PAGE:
Active socializing and
.04 .23* .10 .22* .10* .02
Visiting cultural events .02 .14* .19* .05 .21* .23*
Family and home
.18* .20* .24* .22* .12* .14*
R.19 .33 .34 .30 .25 .29
% of explained
variance of SWB
3.6 10.8 11.4 9.1 6.4 8.1
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Study results show that Croatian citizens reported relatively high overall level of SWB.
Similar ﬁndings regarding the level of well-being are found in previous research in Croatia
ˇan and Prizmic
´-Larsen 2006). In this study, SWB of both women and
men declines with age, so the level of SWB is the lowest in group of people older than
60 years. Lloyd and Auld (2002) also showed that older people experience lower perceived
QOL. In addition, previous research done in Croatia showed that women as well as older
people report about lower levels of SWB indicated by life satisfaction and happiness
´and Kaliterna Lipovc
ˇan 2007). Nevertheless, Leung and Lee’s (2005) ﬁndings
about the relation between socioeconomic status (indicated by age, gender, education, and
income variables) and life quality suggest that socioeconomic status is not a key deter-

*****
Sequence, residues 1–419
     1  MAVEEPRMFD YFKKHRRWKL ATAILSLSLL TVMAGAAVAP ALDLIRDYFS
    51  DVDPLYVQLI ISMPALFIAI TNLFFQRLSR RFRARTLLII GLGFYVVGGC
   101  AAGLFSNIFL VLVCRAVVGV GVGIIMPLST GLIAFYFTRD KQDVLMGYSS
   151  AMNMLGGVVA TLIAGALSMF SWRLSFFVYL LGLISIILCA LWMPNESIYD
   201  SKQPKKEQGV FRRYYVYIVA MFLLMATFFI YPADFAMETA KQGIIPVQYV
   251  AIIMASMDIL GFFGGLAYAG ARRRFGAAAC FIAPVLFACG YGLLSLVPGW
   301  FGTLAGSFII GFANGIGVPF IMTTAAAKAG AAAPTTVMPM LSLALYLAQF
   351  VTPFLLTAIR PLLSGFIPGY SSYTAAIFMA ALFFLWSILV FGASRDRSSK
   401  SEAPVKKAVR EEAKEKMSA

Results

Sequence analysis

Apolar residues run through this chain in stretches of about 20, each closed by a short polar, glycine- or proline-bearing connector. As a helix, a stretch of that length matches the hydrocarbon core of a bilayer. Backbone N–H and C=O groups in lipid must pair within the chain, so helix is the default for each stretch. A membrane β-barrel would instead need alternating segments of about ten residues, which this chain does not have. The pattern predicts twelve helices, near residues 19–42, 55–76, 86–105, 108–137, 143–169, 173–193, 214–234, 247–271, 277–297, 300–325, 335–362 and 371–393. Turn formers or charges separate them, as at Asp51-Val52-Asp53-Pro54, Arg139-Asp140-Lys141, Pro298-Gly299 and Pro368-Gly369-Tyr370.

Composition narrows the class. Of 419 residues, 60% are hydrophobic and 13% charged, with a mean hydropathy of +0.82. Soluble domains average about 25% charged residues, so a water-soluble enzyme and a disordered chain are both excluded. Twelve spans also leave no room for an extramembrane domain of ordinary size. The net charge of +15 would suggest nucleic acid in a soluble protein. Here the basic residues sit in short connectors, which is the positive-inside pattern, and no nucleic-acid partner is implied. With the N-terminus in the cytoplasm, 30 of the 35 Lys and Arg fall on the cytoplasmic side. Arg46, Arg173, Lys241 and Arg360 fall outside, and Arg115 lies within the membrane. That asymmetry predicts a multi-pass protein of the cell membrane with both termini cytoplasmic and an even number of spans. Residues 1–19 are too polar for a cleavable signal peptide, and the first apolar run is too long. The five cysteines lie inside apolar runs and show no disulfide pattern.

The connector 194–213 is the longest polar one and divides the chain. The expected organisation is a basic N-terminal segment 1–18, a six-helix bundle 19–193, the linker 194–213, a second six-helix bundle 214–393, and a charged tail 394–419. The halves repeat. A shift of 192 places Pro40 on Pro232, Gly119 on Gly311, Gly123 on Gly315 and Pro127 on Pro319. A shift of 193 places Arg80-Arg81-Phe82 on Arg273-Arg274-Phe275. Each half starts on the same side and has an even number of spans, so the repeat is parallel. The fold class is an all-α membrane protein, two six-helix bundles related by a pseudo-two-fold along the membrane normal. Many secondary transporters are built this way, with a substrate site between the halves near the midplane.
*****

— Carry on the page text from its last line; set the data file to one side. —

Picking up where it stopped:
minant in predicting life quality.
Findings from this study show that Croatian citizens most frequently spend their leisure
time by watching TV. Less frequently they visit friends or relatives, engage in some
particular hobby, go shopping, go to bars or clubs, read books, or go to the church. Quite
infrequently they go to excursions, play sports, dine in restaurants, attend sport events,
attend concerts, go to the movies, visit exhibitions, or go to the theatre. Lloyd and Auld
(2002) also found that frequency of participation in media activities (e.g., watching tele-
vision, and reading newspapers) showed the highest mean score of all activity categories
(e.g., social, outdoor, sports, cultural activities, and hobbies). Spending leisure time by
watching TV or reading newspapers may be forms of entertainment and relaxation for
some people (e.g., Wachter and Kelly 1998). In this study, frequency of leisure activities of
Croatian youth show that men most frequently participate in Active socializing and going